Talking of getting back to normality, I had my first phone call of the year from Oncology yesterday which was relatively uneventful. We discussed me shivering, me falling over in the bath, me taking lots of drugs, me losing weight and me going to the toilet. Sometimes I feel like the conversation is a little one sided, so I like to ask how the medical professional is and learn a bit about them but after some initial chit-chat things tend to get a bit awkward so, in a reversal of normal life, I have to start talking about my poo again just to ease the tension.

The main thing of note from the conversation was that I am now due to resume my immunotherapy treatment and then have yet another CT scan to find out how things are looking ‘in there’. Thus begins the slow build up of pre-scan anxiety and the rarer but more potent pre-scan results anxiety. Honestly, the treatment I can cope with because, aside from a few misguided cannula insertions and getting sweaty buttocks from the wipe clean chairs, there is very little risk of anything out of the ordinary happening. The scan itself is also pretty uneventful but once you’ve been through that hoop it just starts a ticking time-bomb until the results get delivered. It’s a lot like hitting ‘send’ on that carefully worded email telling that special someone that you love them or your boss where to stick it and then realising that you can’t put the pin back in the grenade. Mixed metaphors? Me. Non monsieur.

One last thing, I went for an eye-test today. Now, on the face of it, this is a little mundane but an eye-test during a pandemic when you have cancer and above average anxiety about going outside is a different ball game. Firstly, I had to negotiate the near-abandoned mall to get to Boots and I can tell you that walking through this normally packed mecca of capitalism that echoes with the Covid-19 safety reminders is an eerie experience. The fact that one of the few things open was the ‘essential’ Krispy Kreme stand just added a sense of the surreal to proceedings (and yes, of course I bought some. It would have been rude not to). Secondly, there was the running-of-the-gauntlet that is the make-up section of Boots (something that normally freaks me out just as much as clowns) but there was nobody there and no make-up. Where were they hiding? Was there to be an ambush? Anxiety ratcheted up.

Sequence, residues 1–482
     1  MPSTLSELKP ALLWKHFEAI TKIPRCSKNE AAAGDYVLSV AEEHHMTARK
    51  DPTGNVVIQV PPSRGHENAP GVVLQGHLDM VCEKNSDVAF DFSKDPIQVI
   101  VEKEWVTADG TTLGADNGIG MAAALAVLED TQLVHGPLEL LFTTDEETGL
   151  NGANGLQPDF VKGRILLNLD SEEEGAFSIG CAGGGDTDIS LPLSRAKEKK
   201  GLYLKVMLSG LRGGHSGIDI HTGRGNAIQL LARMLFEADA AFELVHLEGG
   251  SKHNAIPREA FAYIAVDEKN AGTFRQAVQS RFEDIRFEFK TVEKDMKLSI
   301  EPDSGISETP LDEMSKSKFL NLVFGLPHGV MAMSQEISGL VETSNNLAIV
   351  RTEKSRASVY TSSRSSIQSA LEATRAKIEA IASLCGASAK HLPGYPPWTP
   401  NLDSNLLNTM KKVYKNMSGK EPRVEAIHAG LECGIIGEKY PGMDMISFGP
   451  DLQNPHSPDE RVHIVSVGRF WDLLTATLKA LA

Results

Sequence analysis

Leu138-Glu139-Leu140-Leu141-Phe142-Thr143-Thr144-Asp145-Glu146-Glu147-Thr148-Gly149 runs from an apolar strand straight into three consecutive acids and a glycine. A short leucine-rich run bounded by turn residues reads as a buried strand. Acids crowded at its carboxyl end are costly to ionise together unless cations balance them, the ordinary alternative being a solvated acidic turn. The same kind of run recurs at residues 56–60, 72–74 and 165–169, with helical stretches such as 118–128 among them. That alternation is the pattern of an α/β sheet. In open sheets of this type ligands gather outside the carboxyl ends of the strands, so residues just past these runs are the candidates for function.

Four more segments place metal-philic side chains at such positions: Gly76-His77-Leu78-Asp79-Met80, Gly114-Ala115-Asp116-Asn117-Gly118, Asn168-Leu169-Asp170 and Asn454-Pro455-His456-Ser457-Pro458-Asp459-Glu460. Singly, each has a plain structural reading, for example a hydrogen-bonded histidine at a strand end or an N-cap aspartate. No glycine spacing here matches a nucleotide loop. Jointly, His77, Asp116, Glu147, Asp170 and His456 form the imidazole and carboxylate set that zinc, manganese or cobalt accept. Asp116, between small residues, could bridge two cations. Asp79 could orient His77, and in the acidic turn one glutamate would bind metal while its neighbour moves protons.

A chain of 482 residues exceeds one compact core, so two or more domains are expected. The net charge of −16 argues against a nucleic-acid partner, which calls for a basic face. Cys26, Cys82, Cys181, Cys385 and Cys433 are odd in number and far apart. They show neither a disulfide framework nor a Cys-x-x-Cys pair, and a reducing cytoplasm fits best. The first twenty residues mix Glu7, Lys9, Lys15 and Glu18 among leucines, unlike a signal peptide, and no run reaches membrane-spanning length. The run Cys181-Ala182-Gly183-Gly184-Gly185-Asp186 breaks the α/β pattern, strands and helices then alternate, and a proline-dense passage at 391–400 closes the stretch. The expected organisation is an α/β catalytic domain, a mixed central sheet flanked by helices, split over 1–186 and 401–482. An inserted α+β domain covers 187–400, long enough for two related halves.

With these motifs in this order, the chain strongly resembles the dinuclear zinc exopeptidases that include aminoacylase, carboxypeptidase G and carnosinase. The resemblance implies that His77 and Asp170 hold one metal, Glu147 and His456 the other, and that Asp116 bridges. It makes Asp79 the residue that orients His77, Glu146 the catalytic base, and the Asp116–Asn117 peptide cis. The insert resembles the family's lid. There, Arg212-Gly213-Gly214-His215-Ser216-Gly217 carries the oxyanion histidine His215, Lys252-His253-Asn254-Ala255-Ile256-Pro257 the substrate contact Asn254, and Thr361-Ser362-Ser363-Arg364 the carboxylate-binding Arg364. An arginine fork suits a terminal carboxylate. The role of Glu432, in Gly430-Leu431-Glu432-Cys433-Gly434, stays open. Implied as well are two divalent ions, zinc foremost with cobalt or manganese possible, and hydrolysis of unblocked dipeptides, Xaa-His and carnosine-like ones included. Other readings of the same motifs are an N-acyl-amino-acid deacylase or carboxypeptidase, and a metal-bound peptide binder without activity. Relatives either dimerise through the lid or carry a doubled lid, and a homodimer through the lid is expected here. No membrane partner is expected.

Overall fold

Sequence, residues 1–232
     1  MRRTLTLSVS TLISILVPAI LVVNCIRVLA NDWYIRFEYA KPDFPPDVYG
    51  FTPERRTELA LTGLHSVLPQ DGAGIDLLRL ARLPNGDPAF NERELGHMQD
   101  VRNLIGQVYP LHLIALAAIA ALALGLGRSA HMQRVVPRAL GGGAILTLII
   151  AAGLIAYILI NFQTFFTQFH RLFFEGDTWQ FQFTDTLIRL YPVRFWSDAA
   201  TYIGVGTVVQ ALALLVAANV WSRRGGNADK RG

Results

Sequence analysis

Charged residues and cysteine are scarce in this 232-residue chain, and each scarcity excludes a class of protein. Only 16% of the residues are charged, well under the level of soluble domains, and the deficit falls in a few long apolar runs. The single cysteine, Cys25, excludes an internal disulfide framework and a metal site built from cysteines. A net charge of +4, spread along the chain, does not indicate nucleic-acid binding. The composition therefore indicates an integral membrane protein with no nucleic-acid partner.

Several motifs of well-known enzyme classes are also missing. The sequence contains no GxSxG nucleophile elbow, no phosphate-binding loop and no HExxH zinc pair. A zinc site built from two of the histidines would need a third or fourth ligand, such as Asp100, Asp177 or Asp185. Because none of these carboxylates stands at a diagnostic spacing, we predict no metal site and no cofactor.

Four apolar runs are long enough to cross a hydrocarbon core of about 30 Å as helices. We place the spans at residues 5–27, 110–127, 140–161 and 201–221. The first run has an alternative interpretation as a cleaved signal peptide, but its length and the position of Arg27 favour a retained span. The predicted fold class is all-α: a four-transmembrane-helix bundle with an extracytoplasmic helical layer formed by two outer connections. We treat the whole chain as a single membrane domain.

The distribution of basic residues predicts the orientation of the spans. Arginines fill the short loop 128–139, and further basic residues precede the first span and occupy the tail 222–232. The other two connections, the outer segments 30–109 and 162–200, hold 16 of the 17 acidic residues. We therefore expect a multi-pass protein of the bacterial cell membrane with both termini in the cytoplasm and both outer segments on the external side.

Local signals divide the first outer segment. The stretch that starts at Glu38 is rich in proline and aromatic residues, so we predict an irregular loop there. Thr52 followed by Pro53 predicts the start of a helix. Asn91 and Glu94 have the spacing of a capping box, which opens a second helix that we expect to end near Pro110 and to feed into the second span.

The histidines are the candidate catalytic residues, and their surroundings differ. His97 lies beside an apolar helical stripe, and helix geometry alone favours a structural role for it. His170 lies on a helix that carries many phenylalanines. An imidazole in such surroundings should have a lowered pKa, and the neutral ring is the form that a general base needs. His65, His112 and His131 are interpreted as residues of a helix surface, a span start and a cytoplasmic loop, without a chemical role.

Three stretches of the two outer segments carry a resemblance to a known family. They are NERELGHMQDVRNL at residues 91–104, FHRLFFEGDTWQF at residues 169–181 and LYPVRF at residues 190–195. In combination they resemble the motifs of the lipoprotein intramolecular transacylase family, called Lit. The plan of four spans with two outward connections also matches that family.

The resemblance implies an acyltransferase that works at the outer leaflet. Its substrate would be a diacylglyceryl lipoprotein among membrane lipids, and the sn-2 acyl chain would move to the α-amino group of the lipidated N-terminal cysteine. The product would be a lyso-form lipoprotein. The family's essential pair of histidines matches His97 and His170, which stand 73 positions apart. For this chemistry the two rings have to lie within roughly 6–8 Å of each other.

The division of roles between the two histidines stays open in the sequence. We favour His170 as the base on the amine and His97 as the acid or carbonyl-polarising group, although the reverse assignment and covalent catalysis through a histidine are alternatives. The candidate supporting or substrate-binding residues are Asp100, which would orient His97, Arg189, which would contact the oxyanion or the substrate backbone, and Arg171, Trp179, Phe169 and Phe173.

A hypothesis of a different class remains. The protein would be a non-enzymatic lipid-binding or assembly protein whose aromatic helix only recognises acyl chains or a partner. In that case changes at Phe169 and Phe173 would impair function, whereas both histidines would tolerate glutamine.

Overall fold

Finally, I made it to the optician’s bit at the back (seriously, why do they hide the bit for people with poor eyesight in the back corner of the shop?) and went through my usual rigmarole of having puffs of air blown in to my eyes and the endless choices of “which is better, 1 or 2? 1 or 2? 1 or 2?”. What is newsworthy, however, is the two bits of overhearing/earwigging I did while sat in the waiting room trying to remain two metres away from everyone else at all times. Firstly, there was the member of Boots staff making a phone call about glasses to an elderly and clearly alone gent. The meat of the call took about 1 minute (i.e. Boots will deliver your glasses next week) but the next five minutes was pure humanity as she asked the chap how he was coping, whether he needed anything and what he was doing with his days. Bravo to that lady and all the other unsung and unseen heroes out there who take the time to care about their customers even when there isn’t a bonus in it for them.

The other overhearing was a man for whom English was not his first language trying to understand why he had to pay for another Covid test when he’d paid for one last week and then stayed at home for 7 days. The emotion, stress and sheer confusion of the conversation which eventually involved three members of staff and someone on the end of a phone. Voices were raised, frustration was vented but in the end the guy went away satisfied, but it did bring to light how terrifying it must be to be coping with the litany of guidance changes around Covid-19 (64 to date and counting) when you’re in a foreign country and dealing with in a language that isn’t your mother tongue.

So, to summarise, Boots staff in Plymouth have seriously impressed me today, my health is about as stable as I could have hoped for and work is still a source of stress but boy is it good to be properly back in the saddle (fun fact, I was once thrown off a pregnant horse, so I am never getting back in an actual saddle ever again). Treatment, scans, meds to come and maybe some surprises too but I reckon we can cope with those.